1.  Reality check yourself . . . before you wreck yourself (and the sale of your home, that is). The age-old real estate advice to wanna-be sellers is to get real about pricing – and like my sweet Grandma’s advice about always rinsing the cake batter out with cold water, never hot, the caution against overpricing is advice that will stand you in good stead. (And that cold water trick works, btw – rinsing with hot starts to cook the batter to the bowl!  But I digress)  Before you even get to pricing, though, first you should get real about what your goals really are. Why do you want or need to sell?  And how badly – how important is it to you?  What would it take to make selling make sense?  If you even think you may want to sell your home next year, get clear on these items in your own head before you even talk to anyone outside of your household. Your very next step is to look at your mortgage account statement online and find out what you owe, and find out what your payoff amount would be.

Step 3? Get a reality-based idea of what your home is worth – by talking with several local real estate agents who have a strong, recent track record of succesfully selling homes in your area; these are the folks who’ll have a strong idea of what recent sales are the most comparable to yours, and what a local buyer would agree to pay for your home, as well as what it might appraise at. If 3 agents give you one range, and one gives you a bizarrely higher number, be skeptical about the outlier; there are rare bad apples out there in the agent world who will tell you whatever it takes to get the listing.  Get real and stay there – don’t fall prey to the fallacy that your home is worth more than others, for no substantive reason beyond the fact that, well, it’s yours.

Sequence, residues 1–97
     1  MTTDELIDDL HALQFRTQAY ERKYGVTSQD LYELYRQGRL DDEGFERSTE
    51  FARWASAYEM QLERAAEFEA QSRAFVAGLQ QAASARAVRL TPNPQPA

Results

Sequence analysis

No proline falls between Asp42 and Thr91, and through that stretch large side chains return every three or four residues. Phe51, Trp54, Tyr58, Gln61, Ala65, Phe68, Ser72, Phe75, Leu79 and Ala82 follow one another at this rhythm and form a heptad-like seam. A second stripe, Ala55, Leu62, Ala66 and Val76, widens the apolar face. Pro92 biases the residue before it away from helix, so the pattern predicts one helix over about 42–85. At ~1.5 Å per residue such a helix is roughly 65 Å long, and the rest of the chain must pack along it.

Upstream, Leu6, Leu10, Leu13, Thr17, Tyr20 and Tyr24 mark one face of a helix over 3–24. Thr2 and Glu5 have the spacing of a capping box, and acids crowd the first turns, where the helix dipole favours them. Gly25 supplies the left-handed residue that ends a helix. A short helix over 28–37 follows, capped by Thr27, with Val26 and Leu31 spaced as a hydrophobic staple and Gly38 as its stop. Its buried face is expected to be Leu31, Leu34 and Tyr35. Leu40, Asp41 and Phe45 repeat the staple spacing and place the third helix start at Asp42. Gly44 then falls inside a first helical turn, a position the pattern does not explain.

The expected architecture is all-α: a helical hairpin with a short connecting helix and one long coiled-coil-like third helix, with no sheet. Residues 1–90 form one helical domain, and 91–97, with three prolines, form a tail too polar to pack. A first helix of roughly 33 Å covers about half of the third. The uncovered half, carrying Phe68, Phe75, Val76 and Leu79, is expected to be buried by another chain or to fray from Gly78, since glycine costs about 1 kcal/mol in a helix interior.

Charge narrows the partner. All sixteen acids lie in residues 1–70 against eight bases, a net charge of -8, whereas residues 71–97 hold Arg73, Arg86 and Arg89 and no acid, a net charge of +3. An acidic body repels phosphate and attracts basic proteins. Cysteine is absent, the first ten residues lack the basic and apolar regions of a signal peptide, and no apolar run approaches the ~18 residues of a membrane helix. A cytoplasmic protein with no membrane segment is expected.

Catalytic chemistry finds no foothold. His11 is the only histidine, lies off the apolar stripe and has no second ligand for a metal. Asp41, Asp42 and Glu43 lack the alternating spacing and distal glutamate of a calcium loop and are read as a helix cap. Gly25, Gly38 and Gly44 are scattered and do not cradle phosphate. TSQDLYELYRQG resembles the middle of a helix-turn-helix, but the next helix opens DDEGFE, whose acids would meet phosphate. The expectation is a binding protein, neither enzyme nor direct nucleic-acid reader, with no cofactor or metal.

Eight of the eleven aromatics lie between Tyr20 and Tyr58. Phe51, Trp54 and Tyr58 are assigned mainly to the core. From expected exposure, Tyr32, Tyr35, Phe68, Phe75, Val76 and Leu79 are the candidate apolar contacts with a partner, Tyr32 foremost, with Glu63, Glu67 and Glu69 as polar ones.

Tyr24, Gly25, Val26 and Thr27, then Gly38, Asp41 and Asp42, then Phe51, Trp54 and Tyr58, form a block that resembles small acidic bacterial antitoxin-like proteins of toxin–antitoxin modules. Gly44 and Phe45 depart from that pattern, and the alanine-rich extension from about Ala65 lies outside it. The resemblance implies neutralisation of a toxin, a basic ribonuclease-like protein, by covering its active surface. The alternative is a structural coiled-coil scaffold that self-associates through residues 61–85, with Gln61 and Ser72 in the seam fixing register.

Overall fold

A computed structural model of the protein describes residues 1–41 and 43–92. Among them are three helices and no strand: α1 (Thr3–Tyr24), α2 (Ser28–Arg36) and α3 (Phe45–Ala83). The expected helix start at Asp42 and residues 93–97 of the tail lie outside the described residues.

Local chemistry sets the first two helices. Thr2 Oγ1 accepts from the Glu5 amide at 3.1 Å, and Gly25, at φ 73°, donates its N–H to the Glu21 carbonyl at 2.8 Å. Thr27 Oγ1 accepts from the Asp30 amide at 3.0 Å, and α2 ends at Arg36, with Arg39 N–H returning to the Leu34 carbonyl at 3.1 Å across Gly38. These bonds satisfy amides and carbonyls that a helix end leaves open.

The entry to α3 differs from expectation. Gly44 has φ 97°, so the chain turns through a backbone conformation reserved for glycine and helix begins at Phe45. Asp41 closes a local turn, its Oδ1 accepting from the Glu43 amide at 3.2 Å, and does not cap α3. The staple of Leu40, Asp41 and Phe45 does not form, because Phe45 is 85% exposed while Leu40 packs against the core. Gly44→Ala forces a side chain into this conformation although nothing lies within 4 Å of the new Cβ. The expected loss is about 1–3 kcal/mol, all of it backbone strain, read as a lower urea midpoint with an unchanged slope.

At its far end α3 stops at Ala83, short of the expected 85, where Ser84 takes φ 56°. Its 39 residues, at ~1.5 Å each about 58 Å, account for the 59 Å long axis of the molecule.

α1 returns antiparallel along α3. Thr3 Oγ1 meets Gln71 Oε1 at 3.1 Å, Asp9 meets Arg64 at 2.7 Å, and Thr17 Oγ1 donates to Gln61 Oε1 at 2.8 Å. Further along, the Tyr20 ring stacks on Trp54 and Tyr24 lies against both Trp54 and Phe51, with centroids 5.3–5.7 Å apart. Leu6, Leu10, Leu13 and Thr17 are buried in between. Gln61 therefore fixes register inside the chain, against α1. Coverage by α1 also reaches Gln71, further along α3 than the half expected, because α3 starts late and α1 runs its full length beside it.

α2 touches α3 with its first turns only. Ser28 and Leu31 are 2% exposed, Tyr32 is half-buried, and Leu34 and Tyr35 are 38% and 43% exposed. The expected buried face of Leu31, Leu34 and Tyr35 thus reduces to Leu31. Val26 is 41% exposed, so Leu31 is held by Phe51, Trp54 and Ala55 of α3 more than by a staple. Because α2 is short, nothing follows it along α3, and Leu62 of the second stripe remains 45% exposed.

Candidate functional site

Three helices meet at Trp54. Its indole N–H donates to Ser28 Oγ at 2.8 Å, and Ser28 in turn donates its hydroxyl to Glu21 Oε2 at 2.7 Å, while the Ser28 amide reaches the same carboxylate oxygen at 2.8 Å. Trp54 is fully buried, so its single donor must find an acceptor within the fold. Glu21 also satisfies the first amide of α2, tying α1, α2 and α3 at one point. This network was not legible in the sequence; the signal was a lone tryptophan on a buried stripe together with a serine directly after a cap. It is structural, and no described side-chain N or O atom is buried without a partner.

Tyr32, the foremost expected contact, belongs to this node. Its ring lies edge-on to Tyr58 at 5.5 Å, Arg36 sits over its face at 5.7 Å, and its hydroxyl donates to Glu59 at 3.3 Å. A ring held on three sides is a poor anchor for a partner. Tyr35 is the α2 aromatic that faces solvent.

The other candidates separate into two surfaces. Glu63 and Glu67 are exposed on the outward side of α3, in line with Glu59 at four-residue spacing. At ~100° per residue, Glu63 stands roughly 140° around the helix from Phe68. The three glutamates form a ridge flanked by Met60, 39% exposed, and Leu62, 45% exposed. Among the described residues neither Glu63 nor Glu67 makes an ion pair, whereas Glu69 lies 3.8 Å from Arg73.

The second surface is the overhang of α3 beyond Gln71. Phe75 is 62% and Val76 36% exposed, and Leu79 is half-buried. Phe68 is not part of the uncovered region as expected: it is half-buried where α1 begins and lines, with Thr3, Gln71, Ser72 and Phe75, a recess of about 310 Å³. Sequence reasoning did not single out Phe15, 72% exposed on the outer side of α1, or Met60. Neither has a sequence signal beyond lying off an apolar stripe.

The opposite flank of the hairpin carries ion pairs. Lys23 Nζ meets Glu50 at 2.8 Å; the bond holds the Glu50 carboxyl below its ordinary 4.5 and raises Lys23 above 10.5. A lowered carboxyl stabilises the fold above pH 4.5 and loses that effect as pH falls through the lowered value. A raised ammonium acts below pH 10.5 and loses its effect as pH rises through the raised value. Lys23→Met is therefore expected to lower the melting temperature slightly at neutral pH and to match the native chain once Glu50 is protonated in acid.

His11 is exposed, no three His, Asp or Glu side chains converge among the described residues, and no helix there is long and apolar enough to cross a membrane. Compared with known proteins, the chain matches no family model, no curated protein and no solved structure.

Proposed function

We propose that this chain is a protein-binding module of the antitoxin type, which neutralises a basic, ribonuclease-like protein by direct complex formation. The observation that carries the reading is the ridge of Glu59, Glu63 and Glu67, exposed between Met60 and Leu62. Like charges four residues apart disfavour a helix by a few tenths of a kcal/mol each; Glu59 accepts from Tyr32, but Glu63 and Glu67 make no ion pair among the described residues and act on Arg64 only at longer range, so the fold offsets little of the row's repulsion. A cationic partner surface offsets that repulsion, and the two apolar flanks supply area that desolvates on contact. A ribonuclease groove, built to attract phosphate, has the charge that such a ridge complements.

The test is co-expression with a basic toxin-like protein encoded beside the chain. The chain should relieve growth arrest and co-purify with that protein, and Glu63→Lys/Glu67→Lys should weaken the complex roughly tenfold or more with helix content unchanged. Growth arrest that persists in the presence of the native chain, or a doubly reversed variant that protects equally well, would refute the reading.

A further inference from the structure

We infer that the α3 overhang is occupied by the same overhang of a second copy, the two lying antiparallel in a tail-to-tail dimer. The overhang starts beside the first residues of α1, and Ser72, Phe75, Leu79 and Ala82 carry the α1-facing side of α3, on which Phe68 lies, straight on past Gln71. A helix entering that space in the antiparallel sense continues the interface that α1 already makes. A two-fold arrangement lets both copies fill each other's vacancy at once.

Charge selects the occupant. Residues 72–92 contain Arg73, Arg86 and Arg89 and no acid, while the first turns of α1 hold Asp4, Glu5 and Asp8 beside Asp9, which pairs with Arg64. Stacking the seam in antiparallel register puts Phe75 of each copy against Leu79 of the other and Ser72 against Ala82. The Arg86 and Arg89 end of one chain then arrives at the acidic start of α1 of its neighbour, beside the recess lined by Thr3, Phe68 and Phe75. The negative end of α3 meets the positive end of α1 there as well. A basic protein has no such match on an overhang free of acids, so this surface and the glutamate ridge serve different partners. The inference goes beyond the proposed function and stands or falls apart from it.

Then, move toward making a decision about whether selling actually makes sense for you. Whatever you do, don’t let your mental GPS steer you anywhere near that fantasyland where all your plans for selling, moving, etc. rest on the hypothetical that you can get 25% more than your home’s actual fair market value. That sort of magical thinking costs you and your agent the time, inconvenience and money it takes to try to conjure up a sale that just ain’t gonna happen, and that doesn’t even count the opportunity costs of other things you could be doing with those resources. If your home’s current value is bizarrely less than you want or need to move on, consider a short sale and price it appropriately or consider staying put and sprucing up your home so it better suits your needs – but don’t price it at your “wishful thinking” price and set yourself and your agent up for failure.